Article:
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127 Hours

Director Danny Boyle

Producers Christian Colson, Danny Boyle, John Smithson

Production companies Cloud Eight Films, Pathé Pictures, Everest Entertainment, Decibel Films, Darlow Smithson Productions

US distributor Fox Searchlight Pictures

International sales Pathé International

US release date November 5, 2010

“Danny and I had been looking for something to do together after Slumdog Millionaire,” says UK producer Christian Colson of the genesis of 127 Hours.

Boyle sent Colson a copy of Aron Ralston’s book — based on the rock climber’s remarkable escape after his arm was trapped under a boulder in a Utah canyon — along with a six-page treatment. Boyle had met with Ralston back in 2006 but they had been unable to agree on how to crack the story. Ralston wanted to make a documentary while Boyle preferred the idea of a dramatic account.

In early 2009, Francois Ivernel, executive vice-chairman at SlumdogMillionaire-backer Pathé UK, persuaded Boyle to revive the Ralston project. Colson’s Cloud Eight Films has a deal with Pathé and Boyle had a relationship with Fox Searchlight, which agreed to co-finance with Pathé. The Slumdog Millionaire team was back in business and the budget clocked in at about $18m.

“We spent a lot of time talking to Aron, not just for his sake but for ours,” says Colson. “When you’re making a film based on a true story, it brings responsibility. You want to honour the original property but we wanted to re-interpret the story.”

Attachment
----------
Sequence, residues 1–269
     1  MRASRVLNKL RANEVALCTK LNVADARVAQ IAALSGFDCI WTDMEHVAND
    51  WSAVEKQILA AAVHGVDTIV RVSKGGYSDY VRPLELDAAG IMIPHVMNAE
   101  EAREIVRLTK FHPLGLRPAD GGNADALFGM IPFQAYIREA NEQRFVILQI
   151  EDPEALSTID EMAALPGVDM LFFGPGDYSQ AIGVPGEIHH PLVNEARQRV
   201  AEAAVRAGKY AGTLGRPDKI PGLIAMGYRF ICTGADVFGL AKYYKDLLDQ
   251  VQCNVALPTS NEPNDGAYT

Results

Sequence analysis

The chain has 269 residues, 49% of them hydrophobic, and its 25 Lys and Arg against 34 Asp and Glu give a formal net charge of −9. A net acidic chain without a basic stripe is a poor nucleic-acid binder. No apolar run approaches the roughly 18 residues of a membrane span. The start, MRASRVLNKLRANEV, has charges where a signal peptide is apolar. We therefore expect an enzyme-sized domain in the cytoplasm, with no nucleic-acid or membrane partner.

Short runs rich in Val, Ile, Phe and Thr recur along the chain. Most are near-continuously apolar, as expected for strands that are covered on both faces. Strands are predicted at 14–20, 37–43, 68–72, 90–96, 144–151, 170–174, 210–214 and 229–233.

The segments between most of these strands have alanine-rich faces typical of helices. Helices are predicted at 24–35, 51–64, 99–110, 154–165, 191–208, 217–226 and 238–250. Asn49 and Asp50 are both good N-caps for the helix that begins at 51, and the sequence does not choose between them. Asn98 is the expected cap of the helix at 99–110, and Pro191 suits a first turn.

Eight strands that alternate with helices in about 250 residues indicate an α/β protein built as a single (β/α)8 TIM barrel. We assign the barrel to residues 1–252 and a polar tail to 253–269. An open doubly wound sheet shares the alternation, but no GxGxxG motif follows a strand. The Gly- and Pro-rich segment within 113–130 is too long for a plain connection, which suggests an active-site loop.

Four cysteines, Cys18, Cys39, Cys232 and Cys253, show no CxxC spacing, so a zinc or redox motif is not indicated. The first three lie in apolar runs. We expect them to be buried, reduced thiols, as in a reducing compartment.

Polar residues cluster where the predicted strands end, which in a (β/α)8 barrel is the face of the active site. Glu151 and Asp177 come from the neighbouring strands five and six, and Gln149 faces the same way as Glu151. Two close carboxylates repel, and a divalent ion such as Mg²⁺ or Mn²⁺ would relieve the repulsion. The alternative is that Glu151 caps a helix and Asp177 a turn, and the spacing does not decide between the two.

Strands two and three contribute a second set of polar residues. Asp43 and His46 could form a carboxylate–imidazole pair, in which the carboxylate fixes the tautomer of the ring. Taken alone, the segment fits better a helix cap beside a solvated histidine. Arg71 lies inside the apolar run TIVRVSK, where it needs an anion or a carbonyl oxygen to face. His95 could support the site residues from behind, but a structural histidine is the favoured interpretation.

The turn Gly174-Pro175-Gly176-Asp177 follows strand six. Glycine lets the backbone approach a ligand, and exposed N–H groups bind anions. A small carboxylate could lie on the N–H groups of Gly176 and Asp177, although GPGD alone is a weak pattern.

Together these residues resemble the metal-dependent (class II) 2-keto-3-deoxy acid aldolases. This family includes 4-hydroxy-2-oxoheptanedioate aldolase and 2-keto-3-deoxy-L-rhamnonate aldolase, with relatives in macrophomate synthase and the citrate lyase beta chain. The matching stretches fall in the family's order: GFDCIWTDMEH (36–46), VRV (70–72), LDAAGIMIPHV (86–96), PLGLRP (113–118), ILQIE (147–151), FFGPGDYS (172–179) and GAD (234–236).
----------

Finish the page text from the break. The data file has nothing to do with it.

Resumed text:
They took Ralston to Canyonlands in Utah, and also introduced him to screenwriter Simon Beaufoy. Once the script was finalised, shooting began in Utah on March 15, 2010 and wrapped two months later. On September 4, 127 Hours premiered at the Telluride Film Festival and has garnered eight Bafta nominations and three Golden Globes nominations.

“Creatively, we wanted to make a film with a kind of urgency,” Colson explains. “We cut Slumdog very quickly and the process of making the film somehow becomes imprinted on the movie itself. We thought that would be a good model for this story.”

To maintain the intensity, Boyle worked seven days a week. As Ralston, Franco was squeezed into a tiny space on a set in Utah which was an exact replica of the fateful canyon.

“The idea was to put James through the closest approximation of what Aron went through,” says Colson.

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